Nassau County Executive-elect Laura Curran has asked the administration of outgoing County Executive Edward Mangano to keep her name off all official signs, fulfilling one of her campaign promises.
Thomas Garry, chairman of the Curran transition team, met with Rob Walker, Mangano’s chief deputy county executive, earlier this month to convey the request.
The Department of Public Works would need to order the new signs weeks in advance so they are ready for the start of Curran’s term on Jan. 1. Mangano’s name appears on about 700 signs across the county, Walker said Tuesday.
“As per my conversation with the transition team of County Executive-Elect Curran please do not add her name to any signs, printing or letterhead,” Walker wrote in a Nov. 14 email to five Mangano agency heads, including Public Works Commissioner Commissioner Shila Shah-Gavnoudias and Parks Commissioner Brian Nugent.
During the campaign, Curran, a Democrat, criticized Mangano, a Republican, for putting his name on signs in Nassau parks, buildings, buses and even on pencils at county golf courses. Curran called the practice a “thoughtless exercise in vanity,” and a “waste of money.”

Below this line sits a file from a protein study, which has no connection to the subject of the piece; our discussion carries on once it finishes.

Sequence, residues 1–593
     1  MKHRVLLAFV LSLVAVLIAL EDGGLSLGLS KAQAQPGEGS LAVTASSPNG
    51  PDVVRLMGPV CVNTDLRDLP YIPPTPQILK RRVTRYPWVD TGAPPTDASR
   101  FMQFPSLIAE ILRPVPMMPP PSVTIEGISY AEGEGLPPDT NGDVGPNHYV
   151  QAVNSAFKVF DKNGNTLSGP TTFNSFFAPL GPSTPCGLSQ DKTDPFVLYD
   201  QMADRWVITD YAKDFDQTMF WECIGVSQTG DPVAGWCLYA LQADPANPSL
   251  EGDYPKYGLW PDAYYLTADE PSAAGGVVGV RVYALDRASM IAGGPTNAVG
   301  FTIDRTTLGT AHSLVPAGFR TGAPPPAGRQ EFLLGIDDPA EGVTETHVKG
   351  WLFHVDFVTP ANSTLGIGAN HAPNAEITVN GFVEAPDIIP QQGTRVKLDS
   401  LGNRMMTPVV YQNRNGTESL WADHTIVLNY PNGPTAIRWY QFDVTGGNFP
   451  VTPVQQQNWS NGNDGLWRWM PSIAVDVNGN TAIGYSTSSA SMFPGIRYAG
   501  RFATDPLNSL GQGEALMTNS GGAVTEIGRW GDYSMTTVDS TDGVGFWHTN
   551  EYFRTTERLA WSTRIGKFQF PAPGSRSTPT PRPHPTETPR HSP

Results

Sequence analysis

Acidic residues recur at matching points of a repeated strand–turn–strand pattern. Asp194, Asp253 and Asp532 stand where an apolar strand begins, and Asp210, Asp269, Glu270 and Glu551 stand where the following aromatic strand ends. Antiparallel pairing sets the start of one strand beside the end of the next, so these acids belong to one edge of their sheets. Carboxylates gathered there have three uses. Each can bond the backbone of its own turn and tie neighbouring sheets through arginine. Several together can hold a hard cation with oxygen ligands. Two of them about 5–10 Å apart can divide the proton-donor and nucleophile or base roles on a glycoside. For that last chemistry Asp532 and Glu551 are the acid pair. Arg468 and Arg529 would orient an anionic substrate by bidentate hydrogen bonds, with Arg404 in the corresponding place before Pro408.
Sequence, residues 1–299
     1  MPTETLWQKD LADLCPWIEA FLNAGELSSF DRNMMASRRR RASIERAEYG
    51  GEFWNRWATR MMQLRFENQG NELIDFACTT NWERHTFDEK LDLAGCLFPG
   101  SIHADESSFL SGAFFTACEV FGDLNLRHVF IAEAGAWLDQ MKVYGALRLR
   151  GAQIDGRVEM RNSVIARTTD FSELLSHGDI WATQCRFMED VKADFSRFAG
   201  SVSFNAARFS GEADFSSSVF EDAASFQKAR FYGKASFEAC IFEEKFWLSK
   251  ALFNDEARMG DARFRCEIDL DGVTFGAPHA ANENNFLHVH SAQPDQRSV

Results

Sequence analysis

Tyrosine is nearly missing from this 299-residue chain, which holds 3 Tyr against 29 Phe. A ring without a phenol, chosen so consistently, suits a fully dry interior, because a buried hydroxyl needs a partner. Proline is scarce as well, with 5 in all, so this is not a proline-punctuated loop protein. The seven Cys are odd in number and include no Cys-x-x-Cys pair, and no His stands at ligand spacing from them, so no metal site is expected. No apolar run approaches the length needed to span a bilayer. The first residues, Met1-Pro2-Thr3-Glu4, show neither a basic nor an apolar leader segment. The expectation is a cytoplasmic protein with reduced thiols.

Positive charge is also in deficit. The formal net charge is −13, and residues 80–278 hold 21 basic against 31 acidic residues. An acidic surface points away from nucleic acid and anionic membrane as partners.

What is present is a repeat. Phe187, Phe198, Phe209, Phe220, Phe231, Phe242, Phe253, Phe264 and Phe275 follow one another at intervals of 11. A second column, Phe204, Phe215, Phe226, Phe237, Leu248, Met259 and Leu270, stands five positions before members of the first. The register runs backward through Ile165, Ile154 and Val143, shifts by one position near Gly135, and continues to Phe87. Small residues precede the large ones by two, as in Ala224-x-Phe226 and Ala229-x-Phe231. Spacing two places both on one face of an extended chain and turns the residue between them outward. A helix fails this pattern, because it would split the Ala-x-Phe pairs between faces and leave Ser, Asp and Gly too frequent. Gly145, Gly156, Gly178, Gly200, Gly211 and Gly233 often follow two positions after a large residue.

Curran has pledged to keep her name off nearly all official county property and mailers. She also plans to deny requests from other county lawmakers to put their names on signs at taxpayer-funded projects.
In some cases, Mangano’s nameplate will be replaced on existing signs or painted over, Walker said. Other signs, he said, will need to be replaced entirely.
Mangano took office in 2010 after defeating Democrat Thomas Suozzi, who represents the Third Congressional District. Walker said it took about three months to replace Suozzi’s name at all county properties at a cost of $80,000 to $85,000.
The incoming administration, he said, will spend $35,000 to $40,000 in equipment and labor costs to take Mangano’s name off the signs, he said.
Mangano did not to seek a third term as he fights federal corruption charges.
“As I said during the campaign, taxpayer dollars should not be used for self-promotion of elected officials,” Curran said in a statement. “Our names don’t belong on county signs or forms, and taxpayers need to know their money is being spent only for the public good.”